House Call: Flu vaccines

Vaccines are one of your best defenses against getting the flu. Tonight we are going to test your knowledge to see how much you know about the flu. Dr. Mark Povroznik, MD, Vice President of Quality at UHC and Chairman of Infection Control sat down with WDTV’s Cynthia Hill.

1). True or False. What happens on other continents is not an indication of what we could expect in the US?

Answer: That is actually False.

Looking at the southern hemisphere is often an indicator of what medical experts use to predict what will happen in the United States. If they experience a difficult flu season, then we most likely will too.

Likewise, the flu virus is prone to mutating, a mild season across our borders does not mean we should soften our prevention strategies. The virus can easily mutate over the coming months.

More locally, monitoring flu activity in others states surrounding West Virginia is a good indicator of when the flu is likely to be more pronounced in the Mountain State, as the surrounding states are always affected first. Right now you can see by the map that most states are sporadic activity with some local activity mostly in the northern states.

2). True or False? The best time to get the flu shot is by late October.

Answer: The answer is True.

It takes about two weeks for the flu shot to take full effect, so plan to get immunized by late October, before flu season starts ramping up. It is best not to wait, but you can get vaccinated anytime during the flu season, there is no time NOT TO GET IT, only a more optimal time to allow it the opportunity to provide protection.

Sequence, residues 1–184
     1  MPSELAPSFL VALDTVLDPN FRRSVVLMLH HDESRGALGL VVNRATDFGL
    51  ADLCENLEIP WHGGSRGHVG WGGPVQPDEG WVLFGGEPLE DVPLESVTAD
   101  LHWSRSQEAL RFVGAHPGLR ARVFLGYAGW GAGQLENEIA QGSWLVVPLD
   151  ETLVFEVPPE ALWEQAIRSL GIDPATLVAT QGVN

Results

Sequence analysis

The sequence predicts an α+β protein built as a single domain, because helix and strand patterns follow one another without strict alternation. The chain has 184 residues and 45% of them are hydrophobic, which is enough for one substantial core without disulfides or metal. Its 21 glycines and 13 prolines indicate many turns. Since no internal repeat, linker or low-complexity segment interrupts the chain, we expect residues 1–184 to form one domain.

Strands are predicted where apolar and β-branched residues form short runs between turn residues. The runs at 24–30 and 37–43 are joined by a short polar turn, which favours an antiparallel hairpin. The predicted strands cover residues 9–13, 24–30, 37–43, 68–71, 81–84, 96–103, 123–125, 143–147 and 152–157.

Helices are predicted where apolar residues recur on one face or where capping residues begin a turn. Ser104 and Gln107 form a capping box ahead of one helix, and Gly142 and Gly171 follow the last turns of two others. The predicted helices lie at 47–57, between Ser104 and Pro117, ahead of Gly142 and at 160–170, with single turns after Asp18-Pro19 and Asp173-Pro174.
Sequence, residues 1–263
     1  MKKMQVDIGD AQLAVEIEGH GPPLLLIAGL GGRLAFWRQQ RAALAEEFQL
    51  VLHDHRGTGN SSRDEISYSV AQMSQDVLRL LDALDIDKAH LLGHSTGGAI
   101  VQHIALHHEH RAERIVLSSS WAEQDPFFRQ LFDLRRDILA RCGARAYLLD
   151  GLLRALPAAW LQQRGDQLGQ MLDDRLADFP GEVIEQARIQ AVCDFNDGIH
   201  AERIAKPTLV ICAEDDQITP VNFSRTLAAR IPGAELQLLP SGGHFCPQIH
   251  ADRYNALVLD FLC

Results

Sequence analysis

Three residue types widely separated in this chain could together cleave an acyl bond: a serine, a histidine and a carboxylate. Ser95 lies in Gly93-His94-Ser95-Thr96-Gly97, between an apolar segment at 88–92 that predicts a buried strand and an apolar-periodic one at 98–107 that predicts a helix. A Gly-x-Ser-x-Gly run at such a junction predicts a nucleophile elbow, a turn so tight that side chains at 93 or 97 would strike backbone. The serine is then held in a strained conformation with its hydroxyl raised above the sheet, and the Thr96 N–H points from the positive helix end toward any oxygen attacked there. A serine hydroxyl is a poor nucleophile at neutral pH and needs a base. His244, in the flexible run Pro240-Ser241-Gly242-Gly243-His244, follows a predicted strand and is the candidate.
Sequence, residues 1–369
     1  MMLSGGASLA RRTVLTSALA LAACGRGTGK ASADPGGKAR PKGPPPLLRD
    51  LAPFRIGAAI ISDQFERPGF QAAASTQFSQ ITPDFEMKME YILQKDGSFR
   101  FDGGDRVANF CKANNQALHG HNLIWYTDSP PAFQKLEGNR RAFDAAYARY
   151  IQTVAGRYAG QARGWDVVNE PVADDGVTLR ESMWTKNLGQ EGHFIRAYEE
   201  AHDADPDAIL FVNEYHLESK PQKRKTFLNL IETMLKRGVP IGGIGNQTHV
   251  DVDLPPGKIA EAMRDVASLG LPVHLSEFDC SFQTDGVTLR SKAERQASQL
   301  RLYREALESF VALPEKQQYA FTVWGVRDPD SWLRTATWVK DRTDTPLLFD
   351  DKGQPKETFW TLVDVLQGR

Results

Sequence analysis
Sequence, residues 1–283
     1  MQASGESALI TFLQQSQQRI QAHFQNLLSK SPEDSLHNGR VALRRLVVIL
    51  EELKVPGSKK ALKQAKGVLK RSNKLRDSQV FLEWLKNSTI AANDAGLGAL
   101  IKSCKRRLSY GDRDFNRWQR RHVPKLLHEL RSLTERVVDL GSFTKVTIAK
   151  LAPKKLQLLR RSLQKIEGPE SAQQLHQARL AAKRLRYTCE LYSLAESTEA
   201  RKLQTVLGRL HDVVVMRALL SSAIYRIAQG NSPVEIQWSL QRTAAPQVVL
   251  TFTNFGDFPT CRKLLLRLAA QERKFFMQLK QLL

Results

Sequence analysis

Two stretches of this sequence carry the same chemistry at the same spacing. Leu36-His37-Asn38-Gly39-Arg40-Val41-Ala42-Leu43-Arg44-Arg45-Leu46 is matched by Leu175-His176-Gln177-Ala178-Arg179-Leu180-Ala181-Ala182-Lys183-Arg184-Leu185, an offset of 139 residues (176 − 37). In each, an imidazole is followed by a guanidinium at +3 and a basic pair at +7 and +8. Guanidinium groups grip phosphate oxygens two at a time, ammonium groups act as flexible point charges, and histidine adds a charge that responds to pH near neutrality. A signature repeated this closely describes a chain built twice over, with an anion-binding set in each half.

Everyone six months and older should get the flu vaccine for protection, with few exceptions. Flu vaccines are also recommended for pregnant women and people with chronic diseases.

Also, some children six months through 8 years of age may require two doses of flu vaccine, given at least four weeks apart, so they should start earlier in the season.

3). True or False? If you had the flu vaccine last year, you are covered already for the new year?

Answer: False.

Viruses that cause the flu tend to change every year. Likewise, the constituents in the vaccine do as well. Scientists do their best to predict what viruses are likely to cause each year’s flu and make vaccines to combat those viruses. Last year’s vaccine will not be as effective as this years.

4). Every year we hear people say that the flu shot gave them the flu. True or False? Can the flu shot give you the flu?

Answer: The answer to this question, without hesitation is false. But it raises 4 important points:

First: The flu vaccine does not cause the flu. It is an attenuated or inactivated virus and therefore cannot cause the flu.

Second: Upon receiving the flu shot can be a response to the vaccine called an Immune Response. This is your immune system reacting and can elicit some symptoms similar to the flu, like muscle aches, fever…While annoying, it is actually a good sign.

Third: During the typical vaccination season, there a multitude of viruses in circulation that mimic some of the flu symptoms. Viruses like RSV, Rhinovirus, Enterovirus.

Finally, depending on when you received your flu shot or how well of a match there was with the vaccine, a person could have been exposed to the flu during the window of the vaccine working to create immunity. The vaccine is not 100% effective at preventing the flu, but should you acquire the flu and were vaccinated, the symptoms are often milder and the complications from the flu fewer.